Evan and Katelyn have been growing as an entertaining youtube channel for a while now, and if you have been watching you’ve probably noticed a few episodes that involve them doing things for their retail side. They have products sold in local stores around them, and have gained some pretty good insight while growing their retail business.

They are always happy to share what they’ve learned, and in this video they’ve rounded up some useful tips on doing your own small scale manufacturing at home. In the comments to this video, there were some pretty good additional questions that the duo were happy to expand upon here:

Q: Have you guys found any resistance from customers when you scale up your production? Especially when you bring in outside sources? People really like the one-off handmade products, but that isn’t always practical. Curious where the line is between handmade and Walmart.

A: We haven’t found much resistance yet, and we’ve seen other people bring in outside help really well. I think communication and setting expectations are VERY important when you do that both with your supplier and your customers. I think the main line between handmade and cheap mass produced products is pride/quality in your work and the connection with your customers. Even if you’re getting outside help, you still have control over your quality, and you can maintain that personal connection to your customers the same way you were before bringing on the help: for a lot of people that’s social media, but it also might be attending local craft fairs here and there. I think if you can keep that up, you’ll be good.

Q: Do you have any advice for what products to make?
A: We would suggest focusing on areas that you are familiar with. Look for a pain point that you experience that other people might experience too and try to come up with a solution for that. If there aren’t any pain points, you could also look for anything that could improve an experience further. This could be especially effective if you find a solution for a niche product. Even if the niche is 0.5% of the population, that is still a HUGE amount of people that could be reached.

Q: Would you recommend Etsy for people wanting to get into selling? Are you ever planning on moving all the products to the store on your website?
A: I think Etsy is a great place to dip your toes – we still have an Etsy shop and it’s just really easy. The main downside is you don’t have control over what people see so they may leave your store and explore. Once you have the photos and descriptive text for your products it is not hard to setup multiple stores and see which works best for you. These days we still do have an Etsy shop, but we direct people to the separate shop we made by integrating Shopify (shopevanandkatelyn.com), which is a great next step if you want to devote a bit more time into getting your site set up. We started it mostly for merch, but we recently added a product and it works really well!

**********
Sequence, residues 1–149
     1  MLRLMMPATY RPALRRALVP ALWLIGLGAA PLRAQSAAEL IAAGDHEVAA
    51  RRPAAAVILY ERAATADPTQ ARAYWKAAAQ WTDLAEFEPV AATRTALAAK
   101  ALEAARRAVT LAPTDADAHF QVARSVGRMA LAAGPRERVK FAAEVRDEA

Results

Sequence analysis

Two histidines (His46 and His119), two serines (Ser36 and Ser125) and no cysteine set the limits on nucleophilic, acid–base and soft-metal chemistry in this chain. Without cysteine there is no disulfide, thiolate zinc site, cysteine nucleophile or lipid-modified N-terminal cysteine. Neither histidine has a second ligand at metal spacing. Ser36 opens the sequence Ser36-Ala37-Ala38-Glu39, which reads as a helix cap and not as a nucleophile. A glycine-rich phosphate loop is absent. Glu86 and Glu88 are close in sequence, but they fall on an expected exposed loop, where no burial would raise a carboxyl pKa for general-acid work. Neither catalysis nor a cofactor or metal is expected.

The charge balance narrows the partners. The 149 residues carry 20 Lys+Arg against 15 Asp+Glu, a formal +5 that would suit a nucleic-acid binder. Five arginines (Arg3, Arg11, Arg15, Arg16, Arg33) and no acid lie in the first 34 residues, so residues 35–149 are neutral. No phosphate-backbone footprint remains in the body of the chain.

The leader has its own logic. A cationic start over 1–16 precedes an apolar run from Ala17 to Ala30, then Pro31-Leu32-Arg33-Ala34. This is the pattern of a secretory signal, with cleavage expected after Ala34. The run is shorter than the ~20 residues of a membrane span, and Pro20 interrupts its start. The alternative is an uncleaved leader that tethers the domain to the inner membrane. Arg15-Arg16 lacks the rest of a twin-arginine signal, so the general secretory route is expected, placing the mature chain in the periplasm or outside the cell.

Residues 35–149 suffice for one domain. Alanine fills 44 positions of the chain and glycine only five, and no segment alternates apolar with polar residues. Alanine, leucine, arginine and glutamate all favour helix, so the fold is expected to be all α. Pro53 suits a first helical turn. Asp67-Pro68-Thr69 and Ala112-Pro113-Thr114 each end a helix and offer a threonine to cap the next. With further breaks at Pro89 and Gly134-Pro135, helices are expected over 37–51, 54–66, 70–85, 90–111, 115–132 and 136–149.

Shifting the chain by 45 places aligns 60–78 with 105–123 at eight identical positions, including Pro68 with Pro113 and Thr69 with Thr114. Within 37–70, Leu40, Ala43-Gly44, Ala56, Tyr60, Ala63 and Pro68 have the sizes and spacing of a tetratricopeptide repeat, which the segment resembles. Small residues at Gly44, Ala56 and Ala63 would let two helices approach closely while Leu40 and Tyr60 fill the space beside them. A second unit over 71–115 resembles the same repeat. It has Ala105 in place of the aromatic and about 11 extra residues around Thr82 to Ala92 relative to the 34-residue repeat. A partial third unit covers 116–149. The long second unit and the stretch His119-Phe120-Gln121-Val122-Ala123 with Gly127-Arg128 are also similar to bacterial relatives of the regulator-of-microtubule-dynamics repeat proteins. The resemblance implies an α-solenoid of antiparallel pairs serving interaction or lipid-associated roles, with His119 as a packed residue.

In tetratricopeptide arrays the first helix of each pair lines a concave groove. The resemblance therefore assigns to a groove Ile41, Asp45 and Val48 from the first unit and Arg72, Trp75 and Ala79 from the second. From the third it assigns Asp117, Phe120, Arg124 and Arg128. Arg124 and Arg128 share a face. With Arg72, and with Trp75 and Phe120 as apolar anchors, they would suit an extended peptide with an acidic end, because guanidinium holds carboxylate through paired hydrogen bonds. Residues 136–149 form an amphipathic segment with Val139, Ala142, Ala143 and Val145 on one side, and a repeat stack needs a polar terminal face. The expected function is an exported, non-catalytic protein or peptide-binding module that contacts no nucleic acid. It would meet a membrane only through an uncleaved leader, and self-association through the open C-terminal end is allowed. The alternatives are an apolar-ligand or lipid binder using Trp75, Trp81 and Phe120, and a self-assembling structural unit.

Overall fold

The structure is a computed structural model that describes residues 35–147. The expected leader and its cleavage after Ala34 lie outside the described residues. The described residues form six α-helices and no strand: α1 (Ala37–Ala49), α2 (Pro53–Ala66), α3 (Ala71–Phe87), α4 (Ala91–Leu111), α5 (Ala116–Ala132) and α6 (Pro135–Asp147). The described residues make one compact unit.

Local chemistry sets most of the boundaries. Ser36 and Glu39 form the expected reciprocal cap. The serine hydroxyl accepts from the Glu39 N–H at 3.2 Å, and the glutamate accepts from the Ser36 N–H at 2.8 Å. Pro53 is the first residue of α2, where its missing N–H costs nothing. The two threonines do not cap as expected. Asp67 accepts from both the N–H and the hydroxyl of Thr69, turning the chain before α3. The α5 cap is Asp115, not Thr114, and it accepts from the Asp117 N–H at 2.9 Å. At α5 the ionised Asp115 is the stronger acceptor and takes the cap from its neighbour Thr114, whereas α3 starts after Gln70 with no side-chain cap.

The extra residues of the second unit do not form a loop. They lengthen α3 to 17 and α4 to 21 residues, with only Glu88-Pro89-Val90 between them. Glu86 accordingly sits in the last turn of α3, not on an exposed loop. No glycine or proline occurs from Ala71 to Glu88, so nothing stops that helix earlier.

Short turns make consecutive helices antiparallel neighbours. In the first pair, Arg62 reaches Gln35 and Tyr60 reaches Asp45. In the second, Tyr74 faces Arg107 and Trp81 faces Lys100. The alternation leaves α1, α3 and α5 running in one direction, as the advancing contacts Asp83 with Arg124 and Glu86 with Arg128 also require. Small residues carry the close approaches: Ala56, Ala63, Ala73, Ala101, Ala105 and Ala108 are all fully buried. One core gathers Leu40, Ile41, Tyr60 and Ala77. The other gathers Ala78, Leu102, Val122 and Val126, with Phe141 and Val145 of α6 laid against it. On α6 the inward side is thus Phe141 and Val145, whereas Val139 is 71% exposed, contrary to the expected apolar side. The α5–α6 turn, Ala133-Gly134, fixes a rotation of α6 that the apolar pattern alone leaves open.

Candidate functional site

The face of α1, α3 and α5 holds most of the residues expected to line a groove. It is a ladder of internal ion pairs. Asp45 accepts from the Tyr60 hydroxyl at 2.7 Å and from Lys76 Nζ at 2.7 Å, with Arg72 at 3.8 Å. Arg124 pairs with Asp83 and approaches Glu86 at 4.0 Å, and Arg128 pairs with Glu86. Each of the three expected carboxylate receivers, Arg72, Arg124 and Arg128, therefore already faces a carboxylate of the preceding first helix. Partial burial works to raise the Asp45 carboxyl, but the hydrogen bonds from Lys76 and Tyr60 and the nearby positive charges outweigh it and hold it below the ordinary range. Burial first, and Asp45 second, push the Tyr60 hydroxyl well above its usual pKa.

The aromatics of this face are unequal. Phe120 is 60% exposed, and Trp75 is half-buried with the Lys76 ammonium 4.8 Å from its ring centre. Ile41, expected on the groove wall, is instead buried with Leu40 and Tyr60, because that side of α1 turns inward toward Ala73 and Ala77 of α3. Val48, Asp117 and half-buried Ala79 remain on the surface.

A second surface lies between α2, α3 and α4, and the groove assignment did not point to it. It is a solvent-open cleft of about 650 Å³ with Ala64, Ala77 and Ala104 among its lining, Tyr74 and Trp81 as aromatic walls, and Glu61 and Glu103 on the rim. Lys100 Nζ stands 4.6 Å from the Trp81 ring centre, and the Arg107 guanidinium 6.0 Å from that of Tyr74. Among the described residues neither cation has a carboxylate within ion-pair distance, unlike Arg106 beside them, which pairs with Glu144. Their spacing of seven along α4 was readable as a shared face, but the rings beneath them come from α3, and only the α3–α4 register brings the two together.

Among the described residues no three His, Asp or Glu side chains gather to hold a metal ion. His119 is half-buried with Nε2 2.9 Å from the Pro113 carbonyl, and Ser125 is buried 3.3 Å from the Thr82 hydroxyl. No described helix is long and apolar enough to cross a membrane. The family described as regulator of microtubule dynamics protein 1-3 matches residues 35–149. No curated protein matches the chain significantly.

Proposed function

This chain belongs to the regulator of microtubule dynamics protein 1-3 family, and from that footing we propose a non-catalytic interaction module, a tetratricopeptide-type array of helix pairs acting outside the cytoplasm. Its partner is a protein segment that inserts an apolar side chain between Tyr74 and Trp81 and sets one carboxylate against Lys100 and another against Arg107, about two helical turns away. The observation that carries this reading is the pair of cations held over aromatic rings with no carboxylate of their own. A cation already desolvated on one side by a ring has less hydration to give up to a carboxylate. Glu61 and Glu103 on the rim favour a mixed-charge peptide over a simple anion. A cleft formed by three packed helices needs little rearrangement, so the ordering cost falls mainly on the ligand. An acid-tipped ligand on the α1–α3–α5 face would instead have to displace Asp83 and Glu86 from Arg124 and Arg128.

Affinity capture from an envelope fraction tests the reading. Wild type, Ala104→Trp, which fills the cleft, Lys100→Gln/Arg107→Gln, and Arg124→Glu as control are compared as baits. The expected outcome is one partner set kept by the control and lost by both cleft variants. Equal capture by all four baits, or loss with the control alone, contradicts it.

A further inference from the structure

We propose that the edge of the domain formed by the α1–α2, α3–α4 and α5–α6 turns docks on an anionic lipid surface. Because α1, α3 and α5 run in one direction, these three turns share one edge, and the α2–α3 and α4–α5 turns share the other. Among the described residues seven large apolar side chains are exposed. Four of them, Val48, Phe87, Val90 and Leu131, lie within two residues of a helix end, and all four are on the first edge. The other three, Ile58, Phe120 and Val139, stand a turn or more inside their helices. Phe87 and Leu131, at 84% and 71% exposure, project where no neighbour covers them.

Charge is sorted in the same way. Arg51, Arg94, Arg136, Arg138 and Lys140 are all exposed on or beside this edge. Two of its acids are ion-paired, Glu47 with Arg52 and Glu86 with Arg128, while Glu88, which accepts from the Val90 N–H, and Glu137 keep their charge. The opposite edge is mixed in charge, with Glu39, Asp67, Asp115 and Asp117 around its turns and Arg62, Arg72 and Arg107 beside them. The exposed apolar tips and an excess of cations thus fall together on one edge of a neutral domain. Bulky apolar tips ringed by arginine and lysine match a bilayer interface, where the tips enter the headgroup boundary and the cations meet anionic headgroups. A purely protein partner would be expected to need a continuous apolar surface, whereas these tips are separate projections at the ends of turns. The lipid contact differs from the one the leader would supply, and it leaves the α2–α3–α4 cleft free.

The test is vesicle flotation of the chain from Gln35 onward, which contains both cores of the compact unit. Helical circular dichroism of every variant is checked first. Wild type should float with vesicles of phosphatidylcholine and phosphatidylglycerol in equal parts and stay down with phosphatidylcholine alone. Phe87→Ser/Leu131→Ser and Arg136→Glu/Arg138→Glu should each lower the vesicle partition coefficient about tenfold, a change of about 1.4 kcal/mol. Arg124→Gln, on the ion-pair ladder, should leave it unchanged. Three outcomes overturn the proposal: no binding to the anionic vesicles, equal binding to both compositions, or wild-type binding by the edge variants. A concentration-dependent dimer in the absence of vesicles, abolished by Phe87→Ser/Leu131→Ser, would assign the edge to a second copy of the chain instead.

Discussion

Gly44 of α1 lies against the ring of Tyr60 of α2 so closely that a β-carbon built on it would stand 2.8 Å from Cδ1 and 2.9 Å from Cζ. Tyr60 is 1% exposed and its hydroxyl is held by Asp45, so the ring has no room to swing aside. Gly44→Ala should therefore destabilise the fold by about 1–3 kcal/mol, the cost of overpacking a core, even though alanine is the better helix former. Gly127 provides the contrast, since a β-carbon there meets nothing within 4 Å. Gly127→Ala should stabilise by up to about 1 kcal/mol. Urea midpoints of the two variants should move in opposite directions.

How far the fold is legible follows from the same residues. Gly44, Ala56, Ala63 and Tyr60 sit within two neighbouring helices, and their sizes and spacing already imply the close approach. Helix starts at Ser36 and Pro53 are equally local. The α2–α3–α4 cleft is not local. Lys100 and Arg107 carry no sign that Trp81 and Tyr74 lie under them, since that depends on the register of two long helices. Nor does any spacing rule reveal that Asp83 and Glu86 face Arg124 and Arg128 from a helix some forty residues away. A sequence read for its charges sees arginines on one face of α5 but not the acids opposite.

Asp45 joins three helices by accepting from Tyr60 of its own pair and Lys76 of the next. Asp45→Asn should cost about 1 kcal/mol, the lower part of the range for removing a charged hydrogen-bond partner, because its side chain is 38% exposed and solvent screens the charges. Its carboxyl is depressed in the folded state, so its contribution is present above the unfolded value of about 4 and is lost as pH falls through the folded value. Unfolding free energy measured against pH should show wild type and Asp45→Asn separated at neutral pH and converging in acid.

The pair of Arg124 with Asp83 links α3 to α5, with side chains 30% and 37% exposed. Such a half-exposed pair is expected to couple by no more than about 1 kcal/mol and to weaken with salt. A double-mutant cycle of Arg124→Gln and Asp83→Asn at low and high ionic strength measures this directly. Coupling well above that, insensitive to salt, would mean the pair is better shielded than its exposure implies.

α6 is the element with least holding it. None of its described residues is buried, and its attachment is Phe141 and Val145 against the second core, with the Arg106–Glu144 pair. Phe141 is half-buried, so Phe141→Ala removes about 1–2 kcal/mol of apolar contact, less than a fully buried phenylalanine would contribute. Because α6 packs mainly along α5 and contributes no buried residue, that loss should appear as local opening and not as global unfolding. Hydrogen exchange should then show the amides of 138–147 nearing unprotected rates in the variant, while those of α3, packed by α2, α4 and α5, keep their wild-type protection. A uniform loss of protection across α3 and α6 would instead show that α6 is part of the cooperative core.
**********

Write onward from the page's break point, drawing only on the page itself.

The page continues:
Q: So do you primarily live off of YouTube money? I’d love to see a breakdown of what YouTube actually pays some of the bigger channels vs what could be made by selling products like this.
A: The income from YouTube advertisements is a smaller percent of our income. Our primary income source is from working with sponsors. We could probably do a whole video on working with sponsors, but we try to make it a win/win/win by showing viewers products and services we believe in, which benefits our viewers, the sponsor, and allows us to make better and more videos. We also are very generously supported on Patreon as our second largest consistent income. After that it’s Google AdSense, products/merch sales, and affiliate links which vary per month depending on multiple factors. This varies greatly from channel to channel though and from what we’ve found, the more time you put into something, the bigger revenue stream it is.

Q: When working with a 3rd party, how do you maintain your intellectual property? Sending the cad/cam file to a manufacturer seems to open the door to them to “steal” your work and make it their own. Do you do contracts?
A: You should definitely have an NDA in place with a company before sending over any confidential data. If you’re particularly concerned about your IP and are worried about it being copied then you can do two things. If your product has multiple parts you can spread them out over a few companies. If there is a very clever feature in your parts you could send them out to be manufactured to 90% and then finish them in house with a specialized jig or machine to keep costs down.

Q: Do you ever want there to be a point where you have no part in the making process where everything is outsourced and you only focus on the designs?
A: We’ll always want to do the prototype and refining of the design. Once everything is ready to go and all that’s left is repetition we think our time is best spend making new things, but that is more of a personal preference.


Katelyn and Evan will be giving a talk at World Maker Faire New York this coming September 22nd and 23rd. Be sure to get your tickets so you don’t miss out.